JASPER, Ga. – With focused consideration for students “not on track” in classwork, the Pickens County Board of Education heard an update on Distance Learning from Curriculum Director Anita Walker.
Pickens is returning as many students as possible to in-person learning rather than virtual learning. Walker noted that they have had students “not-on-track” returning to in-person for multiple reasons varying from a dislike or disconnection with the Pearson program, including some technical issues the school overcame in the first part of the semester, to issue with difficulty of use and focus to scheduling conflicts with younger children who need parental help with the programs while the parents might be working full-time.
While the schools have some experiencing difficulties, many others are succeeding and progressing in the virtual learning. More success was seen in lower grades, Kindergarten to 4th Grade.
Walker did note, however, that she felt that in-person is usually going to provide better educational experiences for the majority of students.
During her presentation, Walker pointed out some details that may be contributing to those not on track with the program including time spent with the program. She broke down data specifically focused on those in that category based on grade levels and compared them to the number of students spending more or less that 30 hours a week on the program.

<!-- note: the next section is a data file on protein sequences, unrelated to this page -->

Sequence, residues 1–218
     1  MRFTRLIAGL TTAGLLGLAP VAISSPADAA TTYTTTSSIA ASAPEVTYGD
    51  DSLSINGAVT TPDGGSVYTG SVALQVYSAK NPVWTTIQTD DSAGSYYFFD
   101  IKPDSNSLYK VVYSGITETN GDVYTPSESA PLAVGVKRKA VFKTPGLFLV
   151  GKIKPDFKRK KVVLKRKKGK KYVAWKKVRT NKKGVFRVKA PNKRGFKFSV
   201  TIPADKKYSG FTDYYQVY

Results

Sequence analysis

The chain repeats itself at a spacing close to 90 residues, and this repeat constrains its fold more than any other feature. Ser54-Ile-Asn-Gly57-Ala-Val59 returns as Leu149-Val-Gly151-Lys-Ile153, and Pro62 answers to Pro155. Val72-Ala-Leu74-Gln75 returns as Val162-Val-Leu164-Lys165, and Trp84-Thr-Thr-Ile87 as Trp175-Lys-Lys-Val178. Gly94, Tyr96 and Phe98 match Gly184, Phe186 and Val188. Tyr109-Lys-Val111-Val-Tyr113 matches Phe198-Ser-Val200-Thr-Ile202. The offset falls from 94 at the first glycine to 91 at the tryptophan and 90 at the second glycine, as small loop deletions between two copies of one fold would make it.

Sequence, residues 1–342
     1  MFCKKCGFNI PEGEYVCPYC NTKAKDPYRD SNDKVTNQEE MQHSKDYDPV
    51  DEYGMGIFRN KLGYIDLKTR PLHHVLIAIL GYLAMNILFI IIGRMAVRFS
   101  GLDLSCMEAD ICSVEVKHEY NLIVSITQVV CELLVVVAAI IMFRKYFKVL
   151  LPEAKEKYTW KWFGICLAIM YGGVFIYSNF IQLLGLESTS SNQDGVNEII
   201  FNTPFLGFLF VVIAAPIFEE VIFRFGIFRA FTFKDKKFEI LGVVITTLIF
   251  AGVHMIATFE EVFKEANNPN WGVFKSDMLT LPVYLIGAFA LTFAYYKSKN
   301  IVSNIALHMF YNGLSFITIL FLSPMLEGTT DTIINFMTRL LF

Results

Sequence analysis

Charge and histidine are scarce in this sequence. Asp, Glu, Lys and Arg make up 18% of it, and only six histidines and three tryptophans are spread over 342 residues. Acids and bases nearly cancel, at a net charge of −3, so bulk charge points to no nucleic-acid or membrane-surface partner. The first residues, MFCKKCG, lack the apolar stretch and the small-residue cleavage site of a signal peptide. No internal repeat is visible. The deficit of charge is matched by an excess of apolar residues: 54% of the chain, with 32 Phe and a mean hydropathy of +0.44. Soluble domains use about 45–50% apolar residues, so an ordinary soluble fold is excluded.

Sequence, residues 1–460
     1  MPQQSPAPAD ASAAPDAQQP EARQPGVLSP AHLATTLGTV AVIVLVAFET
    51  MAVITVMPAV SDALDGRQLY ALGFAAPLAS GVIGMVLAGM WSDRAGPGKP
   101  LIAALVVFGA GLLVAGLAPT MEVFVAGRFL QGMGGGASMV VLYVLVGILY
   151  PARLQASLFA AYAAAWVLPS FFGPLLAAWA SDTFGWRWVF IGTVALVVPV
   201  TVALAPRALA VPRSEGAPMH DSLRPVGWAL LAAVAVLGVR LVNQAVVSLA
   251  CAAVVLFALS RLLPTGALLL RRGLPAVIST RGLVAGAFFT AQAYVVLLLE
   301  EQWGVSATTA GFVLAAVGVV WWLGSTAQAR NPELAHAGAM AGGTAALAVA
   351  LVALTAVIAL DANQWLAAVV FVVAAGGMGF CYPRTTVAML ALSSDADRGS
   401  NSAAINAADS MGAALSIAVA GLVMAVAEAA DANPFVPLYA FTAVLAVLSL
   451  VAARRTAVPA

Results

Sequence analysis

Touching on support for the program and changes to bolster their efforts to support students and families choosing virtual learning, Walker noted the teachers efforts such as a tutoring program that virtual and in-person students can take advantage of. They are also putting extensions on some class work to aid in students needing that.
On the other side, with about 60 students moving from in-person to virtual learning for various reasons, Walker said the school encouraged students and families to come in a go over the program so that they would no and understand all of the requirements and needs involved with the program before fully committing to virtual learning.
Distance learning was not the only discussion for the day, however, as the board looked closer at results from a survey over the school calendar for 2021-2022.
According to Superintendent Dr. Rick Townsend, a survey was taken with input from students, parents, employees, and residents/business owners.
Of the 1209 replies to the survey, the boards report indicated that 500 were parents, 298 employees, 60 students, and 39 residents/business owners.
The vast majority emphasized a great importance on Thanksgiving and Christmas and not changing those breaks.
Additionally, 70% of the response said they would prefer a digital learning day for snow days or inclement weather rather than making those days up during winter break.
Many comments supported moving back the start date of school into mid to late August, but the board was told that hey would have to do away with several breaks to incorporate that change.
While the recommendation is set to be the same calendar as previously recommended, the board will be voting on the calendar next Thursday, December 10, 2020.